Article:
How to Sell Any Product
Salespeople from different industries tend to use different sales techniques. After all, if you're selling high-end financial products to giant corporations you'll need to approach your prospects in an entirely different way from someone who sells books at a neighborhood bookstore. Still, the fundamental rules of how to sell remain the same regardless of your product type and customer base.
Know the Product
If you don't understand what you're selling, you're going to on a lot of sales. You won't know the best customer fit for your product, so you won't be able to do a good job of qualifying prospects. You won't know all the product's benefits, which means you'll be constantly missing chances to woo prospective customers.
And if a prospect asks you a technical question, you won't know the answer... which takes away your option of presenting yourself as an expert or a consultant. Selling without product knowledge is like running a marathon with your legs tied together.
Honor Your Prospects
If you feel contempt for your prospects, they'll know it – no matter how hard you try to hide it. You need to put yourself in a respectful, helpful mindset before you so much as pick up the phone. Most people think of salespeople as selfish and out to help themselves, which is why the consultative approach is so effective – it turns that stereotype on its head.
But if you actually are putting yourself first, your prospects will be hostile and unhappy even if you manage to pressure them into buying. Which means they'll almost inevitably tell their friends, family, and co-workers how much they dislike you. This is not the you want to create.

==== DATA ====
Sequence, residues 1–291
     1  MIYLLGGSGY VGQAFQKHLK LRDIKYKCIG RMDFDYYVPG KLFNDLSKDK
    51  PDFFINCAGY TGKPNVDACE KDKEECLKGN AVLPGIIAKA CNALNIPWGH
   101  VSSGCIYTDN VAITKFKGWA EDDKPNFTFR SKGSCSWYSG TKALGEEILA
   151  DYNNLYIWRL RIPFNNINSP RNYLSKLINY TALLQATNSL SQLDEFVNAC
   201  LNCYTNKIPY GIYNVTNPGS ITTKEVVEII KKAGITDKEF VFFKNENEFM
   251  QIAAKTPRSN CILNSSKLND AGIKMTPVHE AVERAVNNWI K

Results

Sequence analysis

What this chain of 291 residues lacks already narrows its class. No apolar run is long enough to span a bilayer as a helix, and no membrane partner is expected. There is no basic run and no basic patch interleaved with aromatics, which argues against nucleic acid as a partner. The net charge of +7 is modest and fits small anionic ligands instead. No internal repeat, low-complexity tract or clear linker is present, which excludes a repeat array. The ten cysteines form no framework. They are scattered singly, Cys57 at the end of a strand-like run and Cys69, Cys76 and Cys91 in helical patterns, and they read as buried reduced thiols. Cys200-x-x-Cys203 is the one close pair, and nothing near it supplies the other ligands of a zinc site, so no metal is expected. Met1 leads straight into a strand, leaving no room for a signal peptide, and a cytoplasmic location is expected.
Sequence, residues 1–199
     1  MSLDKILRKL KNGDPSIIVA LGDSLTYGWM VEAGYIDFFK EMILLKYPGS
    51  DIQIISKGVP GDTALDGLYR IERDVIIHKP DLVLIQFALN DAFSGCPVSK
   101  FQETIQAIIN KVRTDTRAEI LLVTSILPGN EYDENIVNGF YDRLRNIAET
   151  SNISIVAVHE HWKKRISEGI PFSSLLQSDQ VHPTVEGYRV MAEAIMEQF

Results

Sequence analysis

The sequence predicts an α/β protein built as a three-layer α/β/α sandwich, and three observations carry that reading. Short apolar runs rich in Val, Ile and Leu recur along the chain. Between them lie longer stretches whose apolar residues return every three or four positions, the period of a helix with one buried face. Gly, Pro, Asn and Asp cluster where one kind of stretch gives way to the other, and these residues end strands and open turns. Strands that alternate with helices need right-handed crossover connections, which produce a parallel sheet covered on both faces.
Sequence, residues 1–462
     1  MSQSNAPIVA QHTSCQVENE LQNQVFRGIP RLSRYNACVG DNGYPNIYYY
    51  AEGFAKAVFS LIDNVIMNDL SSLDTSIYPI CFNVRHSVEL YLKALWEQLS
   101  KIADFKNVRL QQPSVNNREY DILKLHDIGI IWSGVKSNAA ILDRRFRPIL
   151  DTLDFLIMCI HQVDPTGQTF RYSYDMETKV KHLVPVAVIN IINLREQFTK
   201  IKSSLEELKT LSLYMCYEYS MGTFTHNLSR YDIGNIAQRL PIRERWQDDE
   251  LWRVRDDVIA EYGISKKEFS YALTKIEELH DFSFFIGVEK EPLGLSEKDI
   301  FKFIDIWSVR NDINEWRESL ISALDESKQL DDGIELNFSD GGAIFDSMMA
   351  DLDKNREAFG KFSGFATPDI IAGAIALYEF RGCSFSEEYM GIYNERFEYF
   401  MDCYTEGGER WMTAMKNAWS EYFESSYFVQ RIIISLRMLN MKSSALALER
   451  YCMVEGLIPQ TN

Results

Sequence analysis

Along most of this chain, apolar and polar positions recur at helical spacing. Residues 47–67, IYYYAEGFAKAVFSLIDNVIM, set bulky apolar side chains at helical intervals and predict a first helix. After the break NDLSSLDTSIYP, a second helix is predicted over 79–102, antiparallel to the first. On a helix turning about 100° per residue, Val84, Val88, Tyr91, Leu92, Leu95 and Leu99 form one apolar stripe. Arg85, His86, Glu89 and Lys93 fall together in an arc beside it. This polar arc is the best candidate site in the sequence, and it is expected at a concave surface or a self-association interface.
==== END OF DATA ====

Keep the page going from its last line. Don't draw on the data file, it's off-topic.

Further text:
Another salesperson stereotype that you'll have to overcome is the untrustworthy trickster. Meaning, the salesperson who sells products that break down in a week or cons prospects into buying a lot of unnecessary extras. Like the previous stereotype, the way to overcome this unfortunate feeling is to do just the opposite. By being completely straightforward and honest with your prospects, you'll create a positive impression that will keep them coming back for more (and hopefully send their friends to you as well).
In many ways, comes down to personality. Ask a hundred star what approach they take and you'll get a hundred and one answers – but what they'll all have in common is likeability. Almost all resistance to buying boils down to fear on the prospect's part.
If they don't like the person who's trying to sell them something, they're unlikely to buy no matter how great the product itself is. But if they like and feel comfortable with a salesperson, they're much more likely to take the plunge.
Never Stop Growing
The fundamentals of sales are always the same, but the tools and techniques that you can use to apply them are constantly changing. Like doctors and lawyers, salespeople need to stay on top of these changes. This includes internal company changes, such as policy shifts and product updates, and external changes, such as the rise of social media or new state and federal regulations for your industry.
Salespeople can never stop learning and growing. But that's not really a drawback because if you're constantly learning and developing your skills, you're not likely to become bored with your job. Instead of giving the same pitch to the same prospects day after day, you can explore new tactics, talk to new people and keep stretching yourself in new ways.